Philosophy based on the analysis of the individual's existence in the world which holds that human existence cannot be completely described in scientific terms. Existentialism also stresses the freedom and responsibility of the individual as well as the uniqueness of religious and ethical experiences and the analysis of subjective phenomena such as anxiety, guilt, and suffering. (APA, Thesaurus of Psychological Index Terms, 8th ed.)
Flavoring agent sweeter than sugar, metabolized as PHENYLALANINE and ASPARTIC ACID.
A genus of root and butt rot fungi in the family Tricholomataceae that produce rhizomorphs and are facultatively parasitic. Many species are pathogenic to trees causing Armillaria root disease.
Collections of facts, assumptions, beliefs, and heuristics that are used in combination with databases to achieve desired results, such as a diagnosis, an interpretation, or a solution to a problem (From McGraw Hill Dictionary of Scientific and Technical Terms, 6th ed).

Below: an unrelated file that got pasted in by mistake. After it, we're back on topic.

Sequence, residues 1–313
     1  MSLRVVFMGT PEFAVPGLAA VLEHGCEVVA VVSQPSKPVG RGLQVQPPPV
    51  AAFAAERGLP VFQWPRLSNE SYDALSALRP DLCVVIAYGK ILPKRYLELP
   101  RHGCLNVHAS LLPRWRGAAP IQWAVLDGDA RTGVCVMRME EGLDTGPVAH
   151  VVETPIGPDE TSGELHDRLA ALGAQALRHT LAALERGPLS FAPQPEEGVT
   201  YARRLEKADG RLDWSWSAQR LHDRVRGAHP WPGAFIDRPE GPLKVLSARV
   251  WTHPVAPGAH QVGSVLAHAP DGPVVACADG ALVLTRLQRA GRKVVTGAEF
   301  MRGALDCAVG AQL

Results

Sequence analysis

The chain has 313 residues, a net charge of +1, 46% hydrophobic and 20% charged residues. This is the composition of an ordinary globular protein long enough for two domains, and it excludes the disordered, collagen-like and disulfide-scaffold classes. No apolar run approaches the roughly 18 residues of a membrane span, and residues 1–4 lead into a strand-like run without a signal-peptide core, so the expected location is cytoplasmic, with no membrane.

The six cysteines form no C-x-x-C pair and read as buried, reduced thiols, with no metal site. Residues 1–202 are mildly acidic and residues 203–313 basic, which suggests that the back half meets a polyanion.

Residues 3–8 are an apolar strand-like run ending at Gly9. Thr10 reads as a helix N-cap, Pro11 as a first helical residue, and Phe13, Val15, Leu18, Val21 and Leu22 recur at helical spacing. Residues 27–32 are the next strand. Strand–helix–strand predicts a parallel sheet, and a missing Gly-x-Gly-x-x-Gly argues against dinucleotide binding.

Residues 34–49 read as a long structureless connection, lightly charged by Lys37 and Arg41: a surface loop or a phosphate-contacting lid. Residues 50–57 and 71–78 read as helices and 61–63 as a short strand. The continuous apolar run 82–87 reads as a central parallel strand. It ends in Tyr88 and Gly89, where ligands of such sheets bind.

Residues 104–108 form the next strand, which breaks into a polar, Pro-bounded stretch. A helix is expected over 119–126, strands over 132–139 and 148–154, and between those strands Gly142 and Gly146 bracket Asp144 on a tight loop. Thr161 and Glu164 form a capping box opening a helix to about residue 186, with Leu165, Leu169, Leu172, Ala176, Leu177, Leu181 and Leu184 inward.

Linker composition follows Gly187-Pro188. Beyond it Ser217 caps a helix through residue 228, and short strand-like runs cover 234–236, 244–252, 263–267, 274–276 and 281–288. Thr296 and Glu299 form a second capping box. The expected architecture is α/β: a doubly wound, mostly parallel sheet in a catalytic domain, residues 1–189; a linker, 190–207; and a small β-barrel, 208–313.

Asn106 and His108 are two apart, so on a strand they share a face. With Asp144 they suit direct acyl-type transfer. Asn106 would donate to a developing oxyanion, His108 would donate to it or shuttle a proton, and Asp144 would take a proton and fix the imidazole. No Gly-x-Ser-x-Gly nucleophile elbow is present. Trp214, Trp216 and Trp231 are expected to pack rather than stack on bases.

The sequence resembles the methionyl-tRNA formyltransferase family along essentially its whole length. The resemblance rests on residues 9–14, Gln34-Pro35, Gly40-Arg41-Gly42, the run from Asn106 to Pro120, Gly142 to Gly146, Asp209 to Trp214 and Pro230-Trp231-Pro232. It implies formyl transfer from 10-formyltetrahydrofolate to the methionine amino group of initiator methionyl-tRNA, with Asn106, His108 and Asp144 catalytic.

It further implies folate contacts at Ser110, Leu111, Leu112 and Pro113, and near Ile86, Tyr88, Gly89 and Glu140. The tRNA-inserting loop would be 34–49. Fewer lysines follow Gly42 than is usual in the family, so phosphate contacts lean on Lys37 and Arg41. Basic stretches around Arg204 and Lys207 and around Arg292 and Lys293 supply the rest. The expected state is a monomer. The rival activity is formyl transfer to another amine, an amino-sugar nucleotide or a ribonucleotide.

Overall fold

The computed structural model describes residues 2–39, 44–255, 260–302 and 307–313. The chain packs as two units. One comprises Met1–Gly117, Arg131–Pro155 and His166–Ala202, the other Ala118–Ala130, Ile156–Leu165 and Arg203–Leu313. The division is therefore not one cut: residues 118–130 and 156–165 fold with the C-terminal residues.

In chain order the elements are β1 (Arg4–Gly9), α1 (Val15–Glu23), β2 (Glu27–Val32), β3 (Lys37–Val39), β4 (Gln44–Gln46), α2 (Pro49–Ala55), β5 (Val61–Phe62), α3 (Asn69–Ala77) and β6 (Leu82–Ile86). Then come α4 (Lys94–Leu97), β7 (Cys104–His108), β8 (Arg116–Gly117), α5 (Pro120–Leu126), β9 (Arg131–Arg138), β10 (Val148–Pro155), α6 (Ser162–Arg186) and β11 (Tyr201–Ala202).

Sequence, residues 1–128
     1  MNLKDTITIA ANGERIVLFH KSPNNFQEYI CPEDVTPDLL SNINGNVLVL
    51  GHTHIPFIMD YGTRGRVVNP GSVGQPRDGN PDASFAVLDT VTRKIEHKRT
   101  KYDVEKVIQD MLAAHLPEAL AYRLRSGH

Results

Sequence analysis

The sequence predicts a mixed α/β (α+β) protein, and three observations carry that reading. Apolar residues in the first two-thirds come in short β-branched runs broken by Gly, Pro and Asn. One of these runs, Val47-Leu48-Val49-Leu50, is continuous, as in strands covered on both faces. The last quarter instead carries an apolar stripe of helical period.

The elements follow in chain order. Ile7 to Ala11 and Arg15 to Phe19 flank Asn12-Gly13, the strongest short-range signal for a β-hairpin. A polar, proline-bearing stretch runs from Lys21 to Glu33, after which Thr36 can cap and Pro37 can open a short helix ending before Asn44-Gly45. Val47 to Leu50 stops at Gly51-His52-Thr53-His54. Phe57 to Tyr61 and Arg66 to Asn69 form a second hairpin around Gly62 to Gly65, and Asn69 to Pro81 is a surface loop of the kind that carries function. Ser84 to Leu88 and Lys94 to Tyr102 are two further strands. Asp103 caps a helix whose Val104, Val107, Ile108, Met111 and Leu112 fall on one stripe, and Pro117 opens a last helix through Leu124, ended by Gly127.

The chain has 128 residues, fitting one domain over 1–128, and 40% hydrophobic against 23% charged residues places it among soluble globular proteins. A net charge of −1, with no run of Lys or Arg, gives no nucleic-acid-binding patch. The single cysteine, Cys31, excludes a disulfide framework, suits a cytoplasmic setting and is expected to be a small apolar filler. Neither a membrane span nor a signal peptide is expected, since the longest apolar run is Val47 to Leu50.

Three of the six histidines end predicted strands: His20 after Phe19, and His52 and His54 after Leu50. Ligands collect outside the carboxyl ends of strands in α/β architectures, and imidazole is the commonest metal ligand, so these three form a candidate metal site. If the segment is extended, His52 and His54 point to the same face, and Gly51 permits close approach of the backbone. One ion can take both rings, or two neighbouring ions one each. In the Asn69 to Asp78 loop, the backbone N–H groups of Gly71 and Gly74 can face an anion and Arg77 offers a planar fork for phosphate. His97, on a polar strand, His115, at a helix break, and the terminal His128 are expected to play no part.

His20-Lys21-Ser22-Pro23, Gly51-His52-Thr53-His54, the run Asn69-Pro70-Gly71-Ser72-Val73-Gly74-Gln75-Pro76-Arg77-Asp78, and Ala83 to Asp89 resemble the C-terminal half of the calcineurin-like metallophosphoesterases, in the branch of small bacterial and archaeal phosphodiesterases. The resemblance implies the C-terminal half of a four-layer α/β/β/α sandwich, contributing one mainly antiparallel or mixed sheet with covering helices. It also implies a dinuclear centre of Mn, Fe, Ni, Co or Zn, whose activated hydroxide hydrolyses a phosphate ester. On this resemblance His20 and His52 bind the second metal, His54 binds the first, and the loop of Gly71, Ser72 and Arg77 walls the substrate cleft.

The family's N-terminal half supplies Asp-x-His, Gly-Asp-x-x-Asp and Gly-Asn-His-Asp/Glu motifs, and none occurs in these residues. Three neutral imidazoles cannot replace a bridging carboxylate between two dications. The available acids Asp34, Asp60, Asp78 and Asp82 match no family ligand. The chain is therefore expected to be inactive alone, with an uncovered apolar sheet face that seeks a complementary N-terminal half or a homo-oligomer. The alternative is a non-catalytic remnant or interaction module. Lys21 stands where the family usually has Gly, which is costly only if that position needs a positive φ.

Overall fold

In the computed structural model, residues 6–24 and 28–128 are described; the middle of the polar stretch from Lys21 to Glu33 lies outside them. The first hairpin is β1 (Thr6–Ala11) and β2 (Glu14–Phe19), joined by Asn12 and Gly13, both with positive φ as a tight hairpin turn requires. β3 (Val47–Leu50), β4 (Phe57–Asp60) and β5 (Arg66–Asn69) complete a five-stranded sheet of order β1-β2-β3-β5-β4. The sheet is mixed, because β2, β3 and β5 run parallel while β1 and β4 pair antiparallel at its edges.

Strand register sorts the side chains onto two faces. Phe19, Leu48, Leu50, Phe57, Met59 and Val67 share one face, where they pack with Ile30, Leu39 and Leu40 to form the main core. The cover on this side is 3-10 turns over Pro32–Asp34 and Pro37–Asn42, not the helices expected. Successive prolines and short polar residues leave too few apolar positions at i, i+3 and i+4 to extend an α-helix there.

A kingdom of eukaryotic, heterotrophic organisms that live parasitically as saprobes, including MUSHROOMS; YEASTS; smuts, molds, etc. They reproduce either sexually or asexually, and have life cycles that range from simple to complex. Filamentous fungi, commonly known as molds, refer to those that grow as multicellular colonies.
A plant genus of the family FAGACEAE that is a source of TANNINS. Do not confuse with Holly (ILEX).
PLANTS, or their progeny, whose GENOME has been altered by GENETIC ENGINEERING.